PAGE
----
Cell Census Network (BICCN)

brain graphic
NIH BRAIN Initiative Unveils Detailed Atlas of the Mammalian Primary Motor Cortex
October 6, 2021
Atlas and cell census represent the initial products of the BRAIN Initiative Cell Census Network


In their report BRAIN 2025: A Scientific Vision, the BRAIN working group of the Advisory Committee to the NIH Director outlined the first scientific goal as “Discovering Diversity: Identify and provide experimental access to the different brain cell types to determine their roles in health and disease.” Hence, the first scientific priority area (Cell Type) of The BRAIN Initiative® was identified and the modalities of interest include: (1) molecular signatures (e.g., transcriptome, epigenome, proteome, metabolome), (2) anatomy (e.g., cell location, size, orientation, morphology, and connectivity), and (3) function.

Recent technological advances in high throughput analyses of molecular, anatomic, and physiological measurements at the single cell level promise to open a new era calling for a unified brain cell census.

In 2014, the NIH BRAIN Initiative awarded 10 grants to pilot classification strategies and generate data/metadata for this comprehensive brain cell census. From these pilot projects, multiple brain regions from different organisms were studied using a variety of advanced technologies, and awardees collaborated on defining standards to describe experiments and data sets.

In 2017, NIH expanded support for the collection of cell census data and development of relevant tools by launching a coordinated set of awards under the auspices of a BRAIN Initiative Cell Census Network (BICCN). The overarching goal of the Network is to generate comprehensive 3D common reference brain cell atlases that will integrate molecular, anatomical, and functional data for describing cell types in mouse, human, and non-human primate brains.

The BICCN is composed of a group of Centers and Collaboratories that work together to achieve the common goal:

  • Comprehensive (U19) Centers that focus on building up a comprehensive mouse brain cell atlas (RFA-MH-17-225)
  • Specialized (U01) Collaboratories that contribute cell census data for endpoints in the mouse brain not otherwise covered in the U19 Centers (RFA-MH-17-230)
  • Specialized (U01) Collaboratories that begin to collect cell census data from human or non-human primate brains (RFA-MH-19-149)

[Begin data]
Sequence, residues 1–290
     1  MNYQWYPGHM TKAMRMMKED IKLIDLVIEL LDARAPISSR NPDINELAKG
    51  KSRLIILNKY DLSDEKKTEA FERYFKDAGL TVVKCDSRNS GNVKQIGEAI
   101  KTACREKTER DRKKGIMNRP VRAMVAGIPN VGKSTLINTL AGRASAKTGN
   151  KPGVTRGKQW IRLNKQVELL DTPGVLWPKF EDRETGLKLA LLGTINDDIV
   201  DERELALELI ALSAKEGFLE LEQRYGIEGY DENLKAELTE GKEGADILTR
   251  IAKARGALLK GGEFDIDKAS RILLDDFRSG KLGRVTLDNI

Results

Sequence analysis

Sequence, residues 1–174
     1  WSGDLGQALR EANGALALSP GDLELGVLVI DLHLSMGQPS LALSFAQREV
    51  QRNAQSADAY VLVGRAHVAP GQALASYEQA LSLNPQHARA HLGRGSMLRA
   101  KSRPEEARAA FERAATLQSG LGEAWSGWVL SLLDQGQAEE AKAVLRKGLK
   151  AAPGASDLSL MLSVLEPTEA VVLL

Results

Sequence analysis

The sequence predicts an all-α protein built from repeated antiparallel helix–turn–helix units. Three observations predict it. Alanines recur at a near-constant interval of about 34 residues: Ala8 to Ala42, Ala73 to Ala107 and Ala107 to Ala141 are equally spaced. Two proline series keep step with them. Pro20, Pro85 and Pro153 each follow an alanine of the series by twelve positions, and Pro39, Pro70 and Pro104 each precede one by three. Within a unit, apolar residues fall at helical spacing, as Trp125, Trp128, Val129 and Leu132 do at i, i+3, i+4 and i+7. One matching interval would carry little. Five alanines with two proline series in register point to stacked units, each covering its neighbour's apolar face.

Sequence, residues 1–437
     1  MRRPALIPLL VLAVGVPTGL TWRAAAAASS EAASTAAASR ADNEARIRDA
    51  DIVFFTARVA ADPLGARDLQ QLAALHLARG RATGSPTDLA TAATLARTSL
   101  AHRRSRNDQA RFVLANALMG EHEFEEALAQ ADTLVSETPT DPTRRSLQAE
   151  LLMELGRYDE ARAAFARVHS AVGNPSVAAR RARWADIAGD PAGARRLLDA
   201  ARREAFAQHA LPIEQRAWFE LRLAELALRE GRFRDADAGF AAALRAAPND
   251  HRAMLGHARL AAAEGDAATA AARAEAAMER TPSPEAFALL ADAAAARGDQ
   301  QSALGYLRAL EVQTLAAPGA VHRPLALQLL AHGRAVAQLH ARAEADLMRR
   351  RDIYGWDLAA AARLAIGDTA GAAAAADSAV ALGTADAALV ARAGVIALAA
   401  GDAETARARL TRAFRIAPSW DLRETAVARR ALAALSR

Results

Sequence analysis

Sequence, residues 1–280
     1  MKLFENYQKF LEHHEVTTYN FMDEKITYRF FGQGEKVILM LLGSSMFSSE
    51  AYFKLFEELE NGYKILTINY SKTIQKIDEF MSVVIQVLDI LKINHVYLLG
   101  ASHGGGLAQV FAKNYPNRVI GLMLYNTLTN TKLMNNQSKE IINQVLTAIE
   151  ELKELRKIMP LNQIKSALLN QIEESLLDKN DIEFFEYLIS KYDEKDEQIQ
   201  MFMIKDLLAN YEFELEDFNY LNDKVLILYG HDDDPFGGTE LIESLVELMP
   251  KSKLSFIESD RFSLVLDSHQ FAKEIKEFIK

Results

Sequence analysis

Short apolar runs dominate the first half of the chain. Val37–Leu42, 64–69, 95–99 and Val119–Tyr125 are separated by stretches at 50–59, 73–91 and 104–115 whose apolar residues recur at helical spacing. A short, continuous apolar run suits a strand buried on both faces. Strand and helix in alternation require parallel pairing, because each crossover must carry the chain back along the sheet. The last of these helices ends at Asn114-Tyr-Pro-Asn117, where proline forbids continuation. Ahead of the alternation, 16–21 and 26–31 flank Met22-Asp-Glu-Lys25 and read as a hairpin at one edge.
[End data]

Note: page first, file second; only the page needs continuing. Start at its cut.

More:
• A U24 BRAIN Cell Data Center (BCDC) that integrate, visualize, and disseminate the cell census data generated by the U19 and U01 Centers and Collaboratories as well as create a brain cell knowledge base (RFA-MH-17-215)

The BICCN will operate as a cooperative network to promote collaboration and coordination among the projects within the Network and The BRAIN Initiative®, as well as with any research entities that have similar goals.

BICCN Expected Outcomes 

  • Fundamental knowledge on diverse cell types and their three-dimensional organizational logic in the brain
  • An open-access 3D digital brain cell reference atlas with molecular, anatomical, and physiological annotations of brain cell types in mouse
  • A comprehensive neural circuit diagram in mouse brain
  • Reagents for cell-specific targeting
  • Validated high throughput and low-cost approaches to characterizing cell diversity in human and/or non-human primate brain samples

BRAIN Cell Census Vision through 2025 graph of phase and year: Phase 1: Pilot phase. Pilot census projects- both models and human, FY14-16. Then initiate the BRAIN cell data coordination (BCDC): FY17-25. Phase 2: Mouse cell census. Focus on mouse; begin human census, FY17-21. Phase 3: Human cell census efforts. Ramp up human census; wind down mouse, FY21-25


Yong Yao, Ph.D.
National Institute of Mental Health (NIMH)
Telephone: 301-443-6102
Email: yyao@mail.nih.gov

David M. Panchision, Ph.D.
National Institute of Mental Health (NIMH)
Telephone: 301-402-3969
Email: panchisiond@mail.nih.gov

Olivier Berton, Ph.D.
National Institute of Drug Abuse (NIDA)
Telephone: 301-827-7771
Email: olivier.berton@nih.gov